Arthur Conley/Sweet Soul Music

I’m in the mood for some soul and the other day I remembered a tune I’ve always loved, loved: Sweet Soul Music, a big U.S. hit for Arthur Conley in 1967, climbing to no. 2 on the Billboard Hot 100. In the UK, it peaked at no. 7 on the Official Singles Chart. The song, which also became the title track of an album Conley released the same year, was co-written by him and Otis Redding – and Sam Cooke. It’s a version of Cooke’s Yeah Man, a tune that appeared on Cooke’s first posthumous studio album Shake from January 1965. Initially, they didn’t give him any credit. Cooke’s estate eventually sued Conley and Redding and received songwriting credit and a settlement.

Del Amitri/Always the Last to Know

During my visit to Germany, I met my former bandmate and longtime music buddy who always gives me great trip listening tips. The next two picks are inspired by him. First, he reminded me of Scottish alternative rock band Del Amitri, who were formed in Glasgow in 1980. During their initial run until 2002, they released six studio albums and two compilations. Since the band reemerged from hiatus in 2013, it looks like they have mainly been a touring act. Only one live record, one compilation and one studio album have since appeared. Always the Last to Know takes us back to their third studio album Change Everything released in June 1992. Written by Justin Currie (vocals, guitar, piano), who remains with Del Amitri to this day, the tune also became the album’s lead single in April 1992 – a nice melodic pop rock tune!

The Sadies/Stop and Start

This next pick is from the new album by Canadian band The Sadies, Colder Streams, released on July 22. From their AllMusic bio: One of the most accomplished bands to emerge from the North American indie and roots rock scene, the Sadies are an eclectic group founded by brothers Dallas Good and Travis Good, who crafted a distinctive sound, absorbing influences from traditional country, surf music, and garage rock, and blending them into something unique with their estimable instrumental skills. The band’s best work emphasized mood as much as melody, and they were open to collaboration with artists they respected, cutting albums with Neko Case, John Doe, Gord Downie, and Andre Williams. Here’s Stop and Start, credited to all four members of the band at the time of the recording. Sadly, Dallas Good died unexpectedly on February 17, 2022, at the age of 48 from a recently detected heart condition.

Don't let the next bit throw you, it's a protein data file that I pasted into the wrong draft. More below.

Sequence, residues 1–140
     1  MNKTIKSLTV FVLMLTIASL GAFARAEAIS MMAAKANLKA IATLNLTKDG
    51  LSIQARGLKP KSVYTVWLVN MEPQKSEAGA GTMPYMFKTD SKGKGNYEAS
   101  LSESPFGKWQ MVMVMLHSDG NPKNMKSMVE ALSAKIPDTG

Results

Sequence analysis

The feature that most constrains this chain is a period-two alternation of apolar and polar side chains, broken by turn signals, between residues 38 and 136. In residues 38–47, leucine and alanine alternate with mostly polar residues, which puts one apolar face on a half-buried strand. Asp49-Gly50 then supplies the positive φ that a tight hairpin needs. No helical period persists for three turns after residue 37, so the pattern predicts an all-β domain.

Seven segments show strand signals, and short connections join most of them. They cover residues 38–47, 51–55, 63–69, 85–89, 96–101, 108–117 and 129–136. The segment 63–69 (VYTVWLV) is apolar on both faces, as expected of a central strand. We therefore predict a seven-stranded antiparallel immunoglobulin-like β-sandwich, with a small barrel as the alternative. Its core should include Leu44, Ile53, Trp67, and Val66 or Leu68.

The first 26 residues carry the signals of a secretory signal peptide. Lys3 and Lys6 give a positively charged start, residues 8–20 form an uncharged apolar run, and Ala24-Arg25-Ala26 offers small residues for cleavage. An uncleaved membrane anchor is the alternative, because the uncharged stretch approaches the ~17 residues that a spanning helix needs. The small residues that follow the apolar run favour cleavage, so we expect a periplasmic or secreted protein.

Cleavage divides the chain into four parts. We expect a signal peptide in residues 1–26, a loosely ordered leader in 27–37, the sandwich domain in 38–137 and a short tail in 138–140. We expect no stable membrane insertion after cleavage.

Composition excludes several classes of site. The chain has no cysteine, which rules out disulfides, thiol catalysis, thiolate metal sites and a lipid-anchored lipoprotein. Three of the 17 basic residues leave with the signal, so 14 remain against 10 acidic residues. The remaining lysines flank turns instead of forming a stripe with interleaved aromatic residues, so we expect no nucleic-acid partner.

The Knack/My Sharona

And once again, we’ve reached the final stop of yet another Sunday Six. Let’s wrap up with a fun tune by Los Angeles power pop band The Knack: My Sharona, their first single that became an international sensation, topping the charts in the U.S., Canada and Australia, peaking at no. 3 in New Zealand and reaching the top 10 in the UK, Switzerland, Spain and Italy. The song’s huge popularity also propelled the band’s debut album Get the Knack to no. 1 in the U.S., Canada and Australia – a level of success the band never managed to replicate. After their third album, they split for the first time in mid-1982. The Knack had a few reunions thereafter until their permanent end in February 2010, following the death of the band’s lead vocalist and guitarist Doug Fieger from cancer at the age of 57.

Here’s a playlist of the above tunes. Hope there’s something there you like.

Sources: Wikipedia; YouTube; Spotify